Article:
So it's great. It's great to see guys that keep a really good attitude and continue to affect others in a positive way, when they are going through some adversity. And then you see that opportunity come and they take advantage of it.
It's really cool. I'm really happy for Jordan. He actually did our pregame speech Friday night at the hotel and did a really, really good job kind of sharing his personal background and stories and then what the game meant to him.
So I'm really, really happy for him and I'm really proud of him, and I know he's got tremendous respect from our team, coaches and players.
Q. I was wondering with Marcus Allen, he had such a big game against Minnesota and now he's rolling into this Maryland game where he has a lot of connections to that team and knows a lot of people on the roster. Is he excited for this game or do you think he's going to keep rolling that momentum from Minnesota into the next week?
COACH FRANKLIN: Yeah, I think he will continue to grow and get better. He's done that his entire career here. I think he learned his lesson two years ago; early in the game he got emotional and got a penalty early in the game. He's grown from that experience and grown since he's been here.
So I know he'll be locked in. He'll be excited. He does know a lot of people in their program and on their team from there obviously, so yeah -- but yeah, I think he's going to continue to build on what he did last week and really what he's done all year long. And I'm very, very proud of Marcus, and how he's handling a lot of different things right now, school, football, 22 tackles in a game is impressive.
You know, again, I haven't been around that before, so I want to continue to build on that. I know he's playing with a lot of confidence right now and belief in himself.
Q. As someone who played college football and then immediately went into coaching, etc., and been around so many programs, how is approach to mental health among athletes, changed developed, over the last 20-some years? How was it when you were a student athlete and what's it like in terms of out reach here at Penn State?
COACH FRANKLIN: Yeah, I think it's changed dramatically. I don't remember any of those things being available. I don't remember those things being discussed when I was in college a whole lot. The services that campuses and universities provide now, communities provide, it's different. And I think that's good. I think that's good for everybody.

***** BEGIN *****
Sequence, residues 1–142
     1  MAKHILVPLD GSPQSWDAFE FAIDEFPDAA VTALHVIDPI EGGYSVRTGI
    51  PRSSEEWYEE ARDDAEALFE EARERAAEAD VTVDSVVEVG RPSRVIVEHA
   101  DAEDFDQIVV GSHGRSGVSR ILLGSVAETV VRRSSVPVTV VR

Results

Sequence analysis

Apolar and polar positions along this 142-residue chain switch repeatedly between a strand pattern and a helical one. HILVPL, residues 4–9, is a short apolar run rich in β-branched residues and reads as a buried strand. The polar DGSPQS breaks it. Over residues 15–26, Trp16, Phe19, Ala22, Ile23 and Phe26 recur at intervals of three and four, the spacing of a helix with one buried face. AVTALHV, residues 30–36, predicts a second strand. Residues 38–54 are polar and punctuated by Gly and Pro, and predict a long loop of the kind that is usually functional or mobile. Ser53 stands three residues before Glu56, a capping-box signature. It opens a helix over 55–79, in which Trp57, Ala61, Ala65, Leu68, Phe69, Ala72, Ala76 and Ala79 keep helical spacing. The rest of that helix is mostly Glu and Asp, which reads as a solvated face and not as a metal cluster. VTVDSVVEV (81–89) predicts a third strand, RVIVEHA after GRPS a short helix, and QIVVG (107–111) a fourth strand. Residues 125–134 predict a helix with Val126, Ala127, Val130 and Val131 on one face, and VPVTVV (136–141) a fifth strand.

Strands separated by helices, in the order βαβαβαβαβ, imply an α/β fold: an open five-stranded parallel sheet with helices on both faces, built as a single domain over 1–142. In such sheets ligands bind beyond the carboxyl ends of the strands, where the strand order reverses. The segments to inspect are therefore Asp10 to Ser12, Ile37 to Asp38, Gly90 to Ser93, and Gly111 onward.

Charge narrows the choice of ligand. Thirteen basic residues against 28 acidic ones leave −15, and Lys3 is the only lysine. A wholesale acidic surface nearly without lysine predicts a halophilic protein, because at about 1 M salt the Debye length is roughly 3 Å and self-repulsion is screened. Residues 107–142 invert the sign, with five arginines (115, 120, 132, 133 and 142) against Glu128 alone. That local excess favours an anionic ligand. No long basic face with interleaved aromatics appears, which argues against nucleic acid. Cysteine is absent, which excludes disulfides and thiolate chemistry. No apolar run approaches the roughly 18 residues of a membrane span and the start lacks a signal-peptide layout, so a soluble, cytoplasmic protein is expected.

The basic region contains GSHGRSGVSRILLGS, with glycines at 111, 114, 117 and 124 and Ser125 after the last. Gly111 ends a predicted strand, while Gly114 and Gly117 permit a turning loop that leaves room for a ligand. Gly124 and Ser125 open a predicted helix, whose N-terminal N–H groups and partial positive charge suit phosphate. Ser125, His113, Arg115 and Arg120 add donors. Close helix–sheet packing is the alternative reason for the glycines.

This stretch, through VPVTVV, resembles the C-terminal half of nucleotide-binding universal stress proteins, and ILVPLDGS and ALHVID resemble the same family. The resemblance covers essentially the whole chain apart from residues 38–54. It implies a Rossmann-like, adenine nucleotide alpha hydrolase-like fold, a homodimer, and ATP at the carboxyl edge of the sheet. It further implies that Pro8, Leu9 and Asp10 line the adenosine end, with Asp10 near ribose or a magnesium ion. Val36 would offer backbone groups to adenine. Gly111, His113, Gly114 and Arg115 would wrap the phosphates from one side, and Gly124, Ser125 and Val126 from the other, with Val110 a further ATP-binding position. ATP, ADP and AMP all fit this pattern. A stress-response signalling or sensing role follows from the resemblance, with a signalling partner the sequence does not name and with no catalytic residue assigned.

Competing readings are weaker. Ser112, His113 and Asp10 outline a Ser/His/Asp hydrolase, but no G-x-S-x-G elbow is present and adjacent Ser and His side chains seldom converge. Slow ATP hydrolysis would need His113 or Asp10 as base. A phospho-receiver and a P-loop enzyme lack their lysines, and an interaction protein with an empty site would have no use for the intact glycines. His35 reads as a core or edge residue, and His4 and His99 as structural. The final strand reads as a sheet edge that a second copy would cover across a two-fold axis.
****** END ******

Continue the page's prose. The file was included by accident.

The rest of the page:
I think like a lot of things in our society now, we think things are more parent now or are happening probably more than they did 20 years ago, and I don't think that's the case. I just think there's more awareness in general, done a really good job of that. We always have someone come in during camp and talk to the guys about all the different services that are available for all of our students here at Penn State and also specifically to our athletes.
So our doctors, our training staff, they pretty much handle all those things and then the coaches, whenever we are aware of anything, we are just a support. We are a support for the doctors and the trainers and we are a support for our student athletes and making sure that they are getting the help that they need.
But I think it's changed. I think it's changed a lot. I think our society when it comes to mental health as changed a lot.
Q. As you talk about doing the chaos period and you were asked about the offense scripting plays and all that, when you're preparing for the game and talking to the kids and all that, are there any intangibles that you're noticing? Do they look ready? Does it look to you like they are going to get off to a good start because I'm sure you guys are trying to pinpoint some things for reasons that they are not, so just what are the things that you're seeing as you try to look back over preparedness for each game?
COACH FRANKLIN: I think you're going to see, as the season continues to go on that we'll get better in this area like we're trying to get better in a lot of different areas. I think it's been brought up before, lack of experience and youth.